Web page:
"Reward can only make a positive contribution if it supports the employment relationship and supports the psychological needs of employees. If it does not do this, it becomes a threat, and can have severe negative impact."

Business advisor Daniel Hibbert focuses here on the question of employment policy, specifically, how to encourage individual initiative in the digital age. He begins by illustrating how the Romans paid their army personnel. This ancient system of pay based on rank or general duties and responsibilities became the global standard for a long time in private and public employment. But with the coming of the industrial revolution, ordinary workers became disaffected by working merely for pay. They lacked the intrinsic reward of feeling a connection to their work. This led to employers offering more benefits, pensions, and bonuses. But these are only extrinsic rewards; workers also need psychological rewards such as feeling that they are helping others, that they are part of a team with a shared vision, and that their part of the work is important.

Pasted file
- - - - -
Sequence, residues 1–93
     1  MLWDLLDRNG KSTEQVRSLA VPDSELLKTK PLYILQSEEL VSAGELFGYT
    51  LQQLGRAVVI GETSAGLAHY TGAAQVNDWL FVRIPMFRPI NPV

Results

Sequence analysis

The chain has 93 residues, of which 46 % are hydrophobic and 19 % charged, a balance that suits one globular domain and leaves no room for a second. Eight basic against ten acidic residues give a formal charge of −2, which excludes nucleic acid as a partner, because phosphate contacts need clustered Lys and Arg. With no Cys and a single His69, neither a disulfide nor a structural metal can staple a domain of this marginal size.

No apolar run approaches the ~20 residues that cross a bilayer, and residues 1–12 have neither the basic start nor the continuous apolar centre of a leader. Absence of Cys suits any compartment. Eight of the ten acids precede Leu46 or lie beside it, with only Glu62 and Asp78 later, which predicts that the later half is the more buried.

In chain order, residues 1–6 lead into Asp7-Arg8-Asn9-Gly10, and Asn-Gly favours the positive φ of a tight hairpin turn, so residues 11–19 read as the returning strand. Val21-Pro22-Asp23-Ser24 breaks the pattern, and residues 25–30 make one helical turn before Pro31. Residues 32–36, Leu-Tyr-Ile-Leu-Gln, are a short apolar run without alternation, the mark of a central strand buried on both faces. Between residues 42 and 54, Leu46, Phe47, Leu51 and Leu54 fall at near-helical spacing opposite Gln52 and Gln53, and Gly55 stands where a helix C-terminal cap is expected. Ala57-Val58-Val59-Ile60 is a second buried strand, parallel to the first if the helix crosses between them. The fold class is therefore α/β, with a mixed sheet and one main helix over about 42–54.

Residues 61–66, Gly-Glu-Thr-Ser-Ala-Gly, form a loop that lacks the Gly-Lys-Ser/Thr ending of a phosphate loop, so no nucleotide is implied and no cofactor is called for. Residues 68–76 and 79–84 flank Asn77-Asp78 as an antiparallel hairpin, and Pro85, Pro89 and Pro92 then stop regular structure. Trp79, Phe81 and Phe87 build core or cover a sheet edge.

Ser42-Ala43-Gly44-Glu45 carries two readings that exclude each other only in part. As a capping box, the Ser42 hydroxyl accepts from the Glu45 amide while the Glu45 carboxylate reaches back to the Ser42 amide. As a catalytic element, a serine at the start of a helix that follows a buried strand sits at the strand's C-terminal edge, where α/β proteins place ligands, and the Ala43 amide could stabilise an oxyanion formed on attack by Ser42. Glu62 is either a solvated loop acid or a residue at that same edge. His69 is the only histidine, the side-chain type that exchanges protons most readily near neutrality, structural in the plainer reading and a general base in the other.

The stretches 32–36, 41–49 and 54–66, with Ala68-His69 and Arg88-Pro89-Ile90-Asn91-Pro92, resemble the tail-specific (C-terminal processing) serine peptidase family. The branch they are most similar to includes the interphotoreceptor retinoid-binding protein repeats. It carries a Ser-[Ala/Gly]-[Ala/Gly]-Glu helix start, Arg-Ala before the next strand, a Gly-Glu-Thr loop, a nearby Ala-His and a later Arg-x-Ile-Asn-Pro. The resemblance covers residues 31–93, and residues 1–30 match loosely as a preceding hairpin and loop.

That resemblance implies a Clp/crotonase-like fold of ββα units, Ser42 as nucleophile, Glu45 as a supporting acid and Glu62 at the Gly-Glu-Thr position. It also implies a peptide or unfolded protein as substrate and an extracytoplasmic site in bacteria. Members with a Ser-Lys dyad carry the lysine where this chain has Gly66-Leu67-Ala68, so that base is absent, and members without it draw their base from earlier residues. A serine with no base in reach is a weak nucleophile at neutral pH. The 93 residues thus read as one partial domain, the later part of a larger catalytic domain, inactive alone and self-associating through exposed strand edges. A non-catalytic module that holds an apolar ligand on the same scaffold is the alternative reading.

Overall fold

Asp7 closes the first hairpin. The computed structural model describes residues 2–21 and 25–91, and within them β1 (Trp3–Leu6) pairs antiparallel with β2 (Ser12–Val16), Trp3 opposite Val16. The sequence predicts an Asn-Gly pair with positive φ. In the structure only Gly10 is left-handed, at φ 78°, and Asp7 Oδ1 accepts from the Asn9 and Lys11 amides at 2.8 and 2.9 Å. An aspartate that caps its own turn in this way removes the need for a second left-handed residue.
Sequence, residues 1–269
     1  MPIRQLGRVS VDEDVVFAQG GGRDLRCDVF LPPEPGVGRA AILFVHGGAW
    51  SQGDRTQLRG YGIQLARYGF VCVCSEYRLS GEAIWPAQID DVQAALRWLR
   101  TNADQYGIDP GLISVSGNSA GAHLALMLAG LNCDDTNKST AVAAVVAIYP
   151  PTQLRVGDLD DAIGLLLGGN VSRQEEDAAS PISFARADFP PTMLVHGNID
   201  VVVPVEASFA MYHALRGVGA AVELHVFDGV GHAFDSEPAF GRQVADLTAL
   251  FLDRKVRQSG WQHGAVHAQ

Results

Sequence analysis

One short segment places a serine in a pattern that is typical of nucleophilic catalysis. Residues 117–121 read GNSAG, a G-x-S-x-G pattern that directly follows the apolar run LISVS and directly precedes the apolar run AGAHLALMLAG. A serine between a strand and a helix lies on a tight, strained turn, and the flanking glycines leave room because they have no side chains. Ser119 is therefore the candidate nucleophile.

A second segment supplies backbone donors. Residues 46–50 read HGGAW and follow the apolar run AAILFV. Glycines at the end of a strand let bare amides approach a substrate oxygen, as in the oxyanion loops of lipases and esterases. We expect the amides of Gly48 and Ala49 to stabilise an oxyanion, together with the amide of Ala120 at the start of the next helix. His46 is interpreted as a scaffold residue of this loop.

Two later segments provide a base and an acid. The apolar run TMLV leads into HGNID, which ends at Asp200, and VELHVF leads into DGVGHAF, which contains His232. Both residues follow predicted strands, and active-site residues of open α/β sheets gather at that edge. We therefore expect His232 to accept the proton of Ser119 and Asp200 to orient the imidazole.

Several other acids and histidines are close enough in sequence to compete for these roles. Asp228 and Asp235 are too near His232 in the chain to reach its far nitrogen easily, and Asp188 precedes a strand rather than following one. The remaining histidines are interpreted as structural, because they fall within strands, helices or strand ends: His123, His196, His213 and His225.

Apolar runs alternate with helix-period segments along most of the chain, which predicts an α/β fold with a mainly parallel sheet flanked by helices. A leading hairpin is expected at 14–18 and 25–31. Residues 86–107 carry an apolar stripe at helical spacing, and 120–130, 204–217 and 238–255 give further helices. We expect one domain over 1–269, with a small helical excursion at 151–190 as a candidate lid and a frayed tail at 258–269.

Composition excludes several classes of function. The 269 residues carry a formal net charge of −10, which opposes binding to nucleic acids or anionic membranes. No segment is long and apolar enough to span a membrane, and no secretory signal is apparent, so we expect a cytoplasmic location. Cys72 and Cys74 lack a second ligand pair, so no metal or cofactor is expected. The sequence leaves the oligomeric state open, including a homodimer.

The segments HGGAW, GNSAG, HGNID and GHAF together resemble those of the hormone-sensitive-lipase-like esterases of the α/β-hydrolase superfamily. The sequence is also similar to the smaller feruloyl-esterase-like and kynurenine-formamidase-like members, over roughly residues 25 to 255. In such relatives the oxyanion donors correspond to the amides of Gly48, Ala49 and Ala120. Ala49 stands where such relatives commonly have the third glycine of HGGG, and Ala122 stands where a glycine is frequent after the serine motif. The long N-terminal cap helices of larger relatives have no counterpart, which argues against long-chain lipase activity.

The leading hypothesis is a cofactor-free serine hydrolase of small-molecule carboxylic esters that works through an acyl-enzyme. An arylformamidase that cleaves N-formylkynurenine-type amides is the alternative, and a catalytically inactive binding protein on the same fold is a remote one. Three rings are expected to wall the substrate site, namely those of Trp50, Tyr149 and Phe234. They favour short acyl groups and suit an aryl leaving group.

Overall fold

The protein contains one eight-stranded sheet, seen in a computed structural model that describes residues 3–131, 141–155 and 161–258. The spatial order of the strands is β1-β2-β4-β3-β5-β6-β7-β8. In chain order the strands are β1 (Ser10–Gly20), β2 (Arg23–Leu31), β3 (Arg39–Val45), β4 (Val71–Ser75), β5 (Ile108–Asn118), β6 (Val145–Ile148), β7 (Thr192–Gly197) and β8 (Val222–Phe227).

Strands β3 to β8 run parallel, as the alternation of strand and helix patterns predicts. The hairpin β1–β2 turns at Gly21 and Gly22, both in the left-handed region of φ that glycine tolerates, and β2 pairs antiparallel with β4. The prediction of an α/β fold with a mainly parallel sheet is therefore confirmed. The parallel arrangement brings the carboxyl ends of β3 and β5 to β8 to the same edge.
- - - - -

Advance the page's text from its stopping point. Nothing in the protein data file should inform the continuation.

Hibbert advises that in the digital age, employment policy has now to consider a new possibility, that of direct immediate reward for individual achievement and initiative. Company loyalty and static employment with slow upward advancement still exist, but are no longer the norm. Digital age workers have more fluid “career paths.” There has to be a way to quickly reward those who add clear and measurable value to the company. Hibbert says that this kind of reward, utilized in appropriate contexts, offers promise of positive employment relationships and, if ignored, can become a threat to those relationships.

Hibbert has extensive experience consulting with global professional career services. He has organized his book simply and displays a clear vision of the information he conveys. Thunder Cloud makes the case that reward, if handled properly, can be an innovative, constructive factor in the overall functioning of a business.

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